Nexus One to be Verizon's Next Mobile Device?
A new report claims that Taiwanese smartphone maker HTC has begun to ship a CDMA-ready version of the Nexus One phone to Google, which could mean the search giant is ready to bring its Android phone to Verizon Wireless.
The article first ran in the Chinese-language newspaper Economic Daily News and was picked up by the English-language, Taiwan-based Web site DigiTimes, which said the Nexus One is on its way to Google (NASDAQ: GOOG) for launch later this month, or in April at the latest.
Rumors had previously circulated of a March 23 launch for the device on Verizon Wireless, the largest U.S. mobile carrier. All that's on the record from Google, however, is plans for a Verizon debut sometime in "spring 2010."
Google did not respond to requests for comment.
In addition to Verizon, Google is also believed to be preparing an AT&T Android phone as well. DigiTimes also said that the Nexus One will start shipping to Vodafone in Europe, and that HTC will announce a Windows Phone 7 high-definition smartphone soon, for launch in Asia.
Focus on Google's Nexus One Strategy
If the Nexus One is headed to Google but isn't intended for Verizon stores, then it's clear that Google will be continuing its policy of selling the phone directly off its own Web site. This is the same strategy it employed in January for the launch of the Nexus One -- which is available both without a carrier and in connection with T-Mobile -- and which many industry observers see as having come up short in comparison to in-store sales of devices like the Android-based Motorola Droid.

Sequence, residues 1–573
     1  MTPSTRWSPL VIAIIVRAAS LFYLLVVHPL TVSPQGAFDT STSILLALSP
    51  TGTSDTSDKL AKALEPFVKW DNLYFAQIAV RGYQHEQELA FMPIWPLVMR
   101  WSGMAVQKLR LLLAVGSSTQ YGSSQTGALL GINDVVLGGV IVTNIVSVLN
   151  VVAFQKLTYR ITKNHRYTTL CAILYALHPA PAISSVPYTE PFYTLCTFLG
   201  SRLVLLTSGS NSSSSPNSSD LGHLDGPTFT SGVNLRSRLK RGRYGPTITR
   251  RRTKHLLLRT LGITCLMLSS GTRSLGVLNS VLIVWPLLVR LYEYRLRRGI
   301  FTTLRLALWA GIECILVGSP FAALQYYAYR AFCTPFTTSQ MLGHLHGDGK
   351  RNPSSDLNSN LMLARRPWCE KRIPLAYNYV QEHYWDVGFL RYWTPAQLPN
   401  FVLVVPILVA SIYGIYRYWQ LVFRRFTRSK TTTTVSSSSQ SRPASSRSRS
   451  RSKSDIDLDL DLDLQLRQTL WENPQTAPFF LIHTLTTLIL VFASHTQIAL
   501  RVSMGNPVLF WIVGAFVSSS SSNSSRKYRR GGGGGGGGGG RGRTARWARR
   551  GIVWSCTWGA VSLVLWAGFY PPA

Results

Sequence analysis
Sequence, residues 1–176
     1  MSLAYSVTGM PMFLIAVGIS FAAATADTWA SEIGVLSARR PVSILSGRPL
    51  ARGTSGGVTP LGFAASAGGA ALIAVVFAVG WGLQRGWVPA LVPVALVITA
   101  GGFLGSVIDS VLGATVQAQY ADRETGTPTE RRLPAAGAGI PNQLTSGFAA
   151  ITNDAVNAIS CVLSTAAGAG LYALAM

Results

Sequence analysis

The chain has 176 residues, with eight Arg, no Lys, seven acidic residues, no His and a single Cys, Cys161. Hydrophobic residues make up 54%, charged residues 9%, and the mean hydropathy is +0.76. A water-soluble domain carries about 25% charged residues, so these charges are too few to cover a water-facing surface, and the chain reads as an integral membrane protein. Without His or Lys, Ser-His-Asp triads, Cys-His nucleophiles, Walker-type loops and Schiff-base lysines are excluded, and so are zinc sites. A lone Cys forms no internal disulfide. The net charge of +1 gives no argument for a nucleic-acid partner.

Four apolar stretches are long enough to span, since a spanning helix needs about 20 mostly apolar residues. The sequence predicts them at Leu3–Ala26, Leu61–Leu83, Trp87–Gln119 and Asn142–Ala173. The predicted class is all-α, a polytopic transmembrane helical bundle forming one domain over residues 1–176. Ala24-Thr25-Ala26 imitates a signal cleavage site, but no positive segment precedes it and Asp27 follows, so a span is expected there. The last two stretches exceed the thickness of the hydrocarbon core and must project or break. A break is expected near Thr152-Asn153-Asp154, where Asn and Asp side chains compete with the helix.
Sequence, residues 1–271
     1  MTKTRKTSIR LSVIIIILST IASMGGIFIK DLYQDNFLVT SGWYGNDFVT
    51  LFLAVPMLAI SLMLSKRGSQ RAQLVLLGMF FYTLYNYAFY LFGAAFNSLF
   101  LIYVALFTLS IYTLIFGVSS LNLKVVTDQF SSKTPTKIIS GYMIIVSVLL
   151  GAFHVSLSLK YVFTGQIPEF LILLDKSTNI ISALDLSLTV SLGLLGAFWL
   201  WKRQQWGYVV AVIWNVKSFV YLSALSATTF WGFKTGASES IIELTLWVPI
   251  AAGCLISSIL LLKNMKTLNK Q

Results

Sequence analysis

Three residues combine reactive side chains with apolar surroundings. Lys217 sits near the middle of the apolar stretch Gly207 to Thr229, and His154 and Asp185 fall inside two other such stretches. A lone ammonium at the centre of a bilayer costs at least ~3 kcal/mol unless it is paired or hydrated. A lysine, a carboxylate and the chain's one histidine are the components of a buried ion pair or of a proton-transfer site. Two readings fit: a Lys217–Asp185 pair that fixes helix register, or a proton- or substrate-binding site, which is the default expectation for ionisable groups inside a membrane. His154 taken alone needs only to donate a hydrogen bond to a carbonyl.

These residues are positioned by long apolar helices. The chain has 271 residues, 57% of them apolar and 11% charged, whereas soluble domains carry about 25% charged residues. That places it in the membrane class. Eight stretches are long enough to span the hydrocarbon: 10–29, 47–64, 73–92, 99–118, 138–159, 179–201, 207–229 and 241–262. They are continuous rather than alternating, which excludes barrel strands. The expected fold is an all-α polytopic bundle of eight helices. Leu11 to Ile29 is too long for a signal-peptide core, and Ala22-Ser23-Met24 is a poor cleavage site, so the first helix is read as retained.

While official details are scant on the Nexus One's sales, the smartphone is believed to have shipped about 80,000 units in its first month, according to mobile market researcher Flurry. Meanwhile, the Droid sold about 250,000 units in its first week of sales, according to Flurry.
While Flurry hasn't updated its initial report on the Nexus One, other observers are also pointing to sluggish sales of the device. Last week, Goldman Sachs published a research note in which it cut its estimates of Nexus One sales in 2010 by 70 percent, to just one million units.
The problem may be due to a lack of promotion. Avi Greengart, an analyst at Current Analyst, has criticized Google's marketing strategy compared to the way Amazon promotes its Kindle e-book reader, while GigaOM has also joined in, agreeing that Nexus One needs to garner more attention to succeed.
"Google's promotion of its flagship device consisted largely of a placing a modest link on its home page, and carriers -- which are rightly terrified of their brands being elbowed out of the way -- have only minimally backed the gadget. Worse, the phone is available only through Google's online store, which most smartphone shoppers surely dont even know exists," Om's Colin Gibbs wrote .